Although the QE2 is far from the smoothest road, and this past summer saw large portions of it resurfaced, the Regal had its work cut out for it to isolate the driver from wind, tire, and road noise. Wind noise, despite the Bridgestone Blizzaks fitted, was dulled, leaving a highway ride that facilitated conversation, even if it was only with my voice recorder. Despite the quiet ride, the suspension was more inclined to hop over cracks in the pavement, rather than glaze over them. The lumpy QE2 surface resulted in sharp rebounding of the suspension, but no more than a similarly priced and sized Passat CC.
Speaking of the Passat CC, during my time with the Regal, I started to wonder if the Americanized Opel could be seen as a dark-horse competitor to the svelte VeeDub. The Regal possessed many of the same qualities that people flock to VW for, yet the Regal should prove more reliable and it has a vastly more comprehensive dealer network and warranty. The Regal is also less expensive up front, buoyed further by constantly attractive lease and finance options, but resale value of the German GM product won’t be as favourable. Still, the Regal presents an intriguing alternative to VW, probably a first for GM.
By methods that still aren’t entirely clear to me, I eventually navigated my way through Red Deer and through Airdrie when the sunlight finally faded at the exact same time as I entered the province’s blanket of southern snow. The Regal’s headlights pierced the horizontal tornadoes of snow trailing the QE2 semis and I squeezed through a few blind gaps until the street lights at the sprawling edges of Calgary made up for the lost sun. Edging my way through late rush hour traffic, the 2.4L quieted down, cooled off, and slid into the residential neighbourhood where Geoff and his lovely girlfriend reside.
After some small talk and some further catching up, Geoff and I dove for the couches, cracked open NHL11, and proceeded to engage in the kind of verbal abuse that would get you sued for defamation in the lower 48. Some of the contests were close, even going as far as a shoot-out, and others were blow-outs, but all were heated. After crushing Geoff with an 8-0 win, the conversation naturally leaned towards the newest member of the Buick range. As I mentioned earlier, Geoff was once a Regal owner himself, so I was eager to hear his thoughts.
We both agreed that the interior was nicely laid out and solid feeling, but wasn’t quite up to VW levels. Although with VW’s recent de-contenting and cheapening of its products for the North American market, first with the 2011 Jetta and now with the 2012 Passat, the Regal might jump to the front while standing still.
We also agreed that the armrests and window switches were built for T-Rex people with little stubs for arms, not lanky young professionals with 6’3” wingspans. When I asked Geoff to compare the new Regal with the Purple P*ssy Pounder that his mom sold from under his nose for $150, he found the new Regal to be “boring”. And this isn’t coming from some Eurosnob or Ricerboy, Geoff is a GM loyalist who currently drives a Chevy Avalanche. Oh, and like myself, Geoff is a young professional – the target demographic.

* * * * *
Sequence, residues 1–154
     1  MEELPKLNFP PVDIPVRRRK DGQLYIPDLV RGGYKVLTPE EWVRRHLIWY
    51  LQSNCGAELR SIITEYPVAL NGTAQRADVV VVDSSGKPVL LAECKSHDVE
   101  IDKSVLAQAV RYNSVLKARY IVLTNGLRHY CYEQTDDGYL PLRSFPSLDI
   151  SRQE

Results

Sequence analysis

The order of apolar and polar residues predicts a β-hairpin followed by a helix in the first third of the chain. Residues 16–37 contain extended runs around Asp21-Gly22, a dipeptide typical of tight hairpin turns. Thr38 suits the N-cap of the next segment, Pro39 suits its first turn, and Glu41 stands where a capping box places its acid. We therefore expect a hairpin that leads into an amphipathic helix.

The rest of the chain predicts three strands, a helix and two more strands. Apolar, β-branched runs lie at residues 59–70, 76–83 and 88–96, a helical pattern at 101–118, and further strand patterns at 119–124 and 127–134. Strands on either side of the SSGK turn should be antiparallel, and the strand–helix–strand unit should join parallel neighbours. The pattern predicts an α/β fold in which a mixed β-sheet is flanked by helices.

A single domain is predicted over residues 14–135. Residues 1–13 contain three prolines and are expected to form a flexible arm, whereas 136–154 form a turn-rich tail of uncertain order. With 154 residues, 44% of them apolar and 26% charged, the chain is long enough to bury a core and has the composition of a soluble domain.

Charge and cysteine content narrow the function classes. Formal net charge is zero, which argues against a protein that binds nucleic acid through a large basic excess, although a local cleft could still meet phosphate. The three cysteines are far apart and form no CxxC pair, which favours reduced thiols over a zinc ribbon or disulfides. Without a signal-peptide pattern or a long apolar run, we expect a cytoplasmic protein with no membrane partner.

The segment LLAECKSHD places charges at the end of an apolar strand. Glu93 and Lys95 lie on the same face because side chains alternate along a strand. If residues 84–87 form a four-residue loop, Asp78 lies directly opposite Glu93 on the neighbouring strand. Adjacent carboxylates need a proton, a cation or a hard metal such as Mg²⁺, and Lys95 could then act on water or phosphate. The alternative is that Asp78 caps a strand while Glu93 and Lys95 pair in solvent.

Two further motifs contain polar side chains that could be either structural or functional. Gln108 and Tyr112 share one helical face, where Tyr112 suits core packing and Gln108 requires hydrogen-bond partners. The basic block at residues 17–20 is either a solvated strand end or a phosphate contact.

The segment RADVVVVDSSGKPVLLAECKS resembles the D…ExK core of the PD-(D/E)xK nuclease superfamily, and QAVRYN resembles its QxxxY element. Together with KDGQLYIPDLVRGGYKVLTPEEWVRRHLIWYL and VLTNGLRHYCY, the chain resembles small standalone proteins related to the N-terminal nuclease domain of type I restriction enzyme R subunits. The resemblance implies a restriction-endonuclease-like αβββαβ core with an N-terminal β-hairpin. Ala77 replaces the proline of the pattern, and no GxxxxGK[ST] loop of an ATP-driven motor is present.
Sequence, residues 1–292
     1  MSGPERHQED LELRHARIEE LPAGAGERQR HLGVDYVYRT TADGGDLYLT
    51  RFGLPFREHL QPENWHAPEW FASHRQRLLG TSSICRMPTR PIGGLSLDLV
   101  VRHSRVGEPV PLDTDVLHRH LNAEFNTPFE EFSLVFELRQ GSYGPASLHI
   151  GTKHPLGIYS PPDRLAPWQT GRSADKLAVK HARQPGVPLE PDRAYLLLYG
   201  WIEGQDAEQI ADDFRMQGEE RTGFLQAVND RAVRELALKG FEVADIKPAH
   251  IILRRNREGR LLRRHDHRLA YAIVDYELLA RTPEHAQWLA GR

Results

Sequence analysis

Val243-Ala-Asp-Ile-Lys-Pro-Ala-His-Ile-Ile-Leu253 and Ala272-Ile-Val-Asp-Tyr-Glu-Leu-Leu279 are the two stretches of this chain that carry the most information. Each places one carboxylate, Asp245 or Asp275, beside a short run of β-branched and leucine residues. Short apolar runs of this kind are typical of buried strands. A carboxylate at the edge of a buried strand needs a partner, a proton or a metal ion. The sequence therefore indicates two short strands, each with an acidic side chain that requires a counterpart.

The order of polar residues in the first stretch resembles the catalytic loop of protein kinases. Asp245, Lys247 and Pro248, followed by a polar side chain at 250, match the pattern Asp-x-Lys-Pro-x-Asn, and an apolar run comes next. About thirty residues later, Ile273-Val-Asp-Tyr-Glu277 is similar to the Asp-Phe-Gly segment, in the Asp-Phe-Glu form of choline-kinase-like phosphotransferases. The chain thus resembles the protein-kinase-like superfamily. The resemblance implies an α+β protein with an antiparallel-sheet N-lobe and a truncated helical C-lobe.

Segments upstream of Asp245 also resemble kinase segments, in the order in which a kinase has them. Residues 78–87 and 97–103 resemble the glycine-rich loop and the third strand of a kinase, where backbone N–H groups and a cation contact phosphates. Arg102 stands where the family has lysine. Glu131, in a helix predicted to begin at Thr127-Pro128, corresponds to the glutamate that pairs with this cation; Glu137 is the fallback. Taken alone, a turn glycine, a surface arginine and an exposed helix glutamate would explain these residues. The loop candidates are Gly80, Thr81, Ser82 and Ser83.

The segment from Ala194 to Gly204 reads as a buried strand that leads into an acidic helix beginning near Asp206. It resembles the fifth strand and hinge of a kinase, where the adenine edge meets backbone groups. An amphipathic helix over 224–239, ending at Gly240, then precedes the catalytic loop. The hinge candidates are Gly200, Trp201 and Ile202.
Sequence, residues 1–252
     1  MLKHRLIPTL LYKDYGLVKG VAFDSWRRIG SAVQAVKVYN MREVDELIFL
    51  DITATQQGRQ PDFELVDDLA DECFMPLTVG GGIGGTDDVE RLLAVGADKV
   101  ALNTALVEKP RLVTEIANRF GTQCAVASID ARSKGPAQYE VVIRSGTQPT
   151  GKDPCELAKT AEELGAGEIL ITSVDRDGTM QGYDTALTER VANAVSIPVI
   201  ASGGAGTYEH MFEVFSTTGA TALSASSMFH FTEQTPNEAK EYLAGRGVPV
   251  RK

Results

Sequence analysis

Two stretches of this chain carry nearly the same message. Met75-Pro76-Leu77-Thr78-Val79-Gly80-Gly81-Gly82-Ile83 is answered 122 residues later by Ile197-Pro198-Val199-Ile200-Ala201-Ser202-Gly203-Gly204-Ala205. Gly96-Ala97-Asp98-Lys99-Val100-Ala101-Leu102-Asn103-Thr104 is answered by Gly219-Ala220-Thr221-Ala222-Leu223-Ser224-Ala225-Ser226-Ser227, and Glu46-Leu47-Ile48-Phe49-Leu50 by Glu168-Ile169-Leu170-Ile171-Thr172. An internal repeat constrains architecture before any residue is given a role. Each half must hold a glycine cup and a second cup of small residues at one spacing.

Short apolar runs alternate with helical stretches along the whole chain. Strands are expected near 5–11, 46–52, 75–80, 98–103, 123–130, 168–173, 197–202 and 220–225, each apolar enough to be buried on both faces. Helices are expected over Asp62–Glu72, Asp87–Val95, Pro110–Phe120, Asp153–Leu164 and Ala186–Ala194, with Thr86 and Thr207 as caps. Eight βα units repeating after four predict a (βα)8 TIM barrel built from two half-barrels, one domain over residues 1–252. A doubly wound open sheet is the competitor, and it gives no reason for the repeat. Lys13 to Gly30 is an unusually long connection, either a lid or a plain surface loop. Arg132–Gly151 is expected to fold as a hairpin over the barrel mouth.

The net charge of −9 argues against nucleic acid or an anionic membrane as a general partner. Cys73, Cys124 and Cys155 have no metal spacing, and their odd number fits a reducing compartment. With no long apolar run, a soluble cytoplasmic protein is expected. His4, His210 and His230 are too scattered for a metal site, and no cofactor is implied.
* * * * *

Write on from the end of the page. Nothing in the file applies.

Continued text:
With the Regal, GM’s idea was to take a family-oriented European sedan, fiddle with about 5% of it, and market it to yuppies. That GM expects there to be a 10-20 year difference between the target demographics of what is essentially the same vehicle is very revealing. The message reads loud and clear: Europeans are exciting, Canadians are boring. Well that’s the one way to read into it. Another message could be: Young, affluent Canadians like vehicles that are so unnecessarily large that the same vehicle can be used in other markets for entire families. But that’s just marketing rhetoric, what really matters is the car.
The car is subjectively handsome, well screwed together, economical, quiet, refined, technologically competent, plagued by terrible seats, and as Geoff so deftly put it, boring. A bit of a mixed bag, then.
In the end, I didn’t see this vehicle lowering the average age of the Buick buyer. The same people who have always bought Buicks will continue to buy them, and the Regal offers them a more compact footprint and better fuel economy that anything to wear the tri-shield in recent memory.
The Regal is a well-built German sedan that we’re fortunate to have for sale in Canada. More choice is always a good thing, especially in the near-lux class where the VW Passat CC enjoys so little competition. But between the German Regal and the Korean Cruze, it appears that General Motor is no longer a “domestic” manufacturer. Instead, it has lofted itself up onto the global stage and is finally taking its cars, not just its trucks, more seriously. For that, at least, we can say Danke.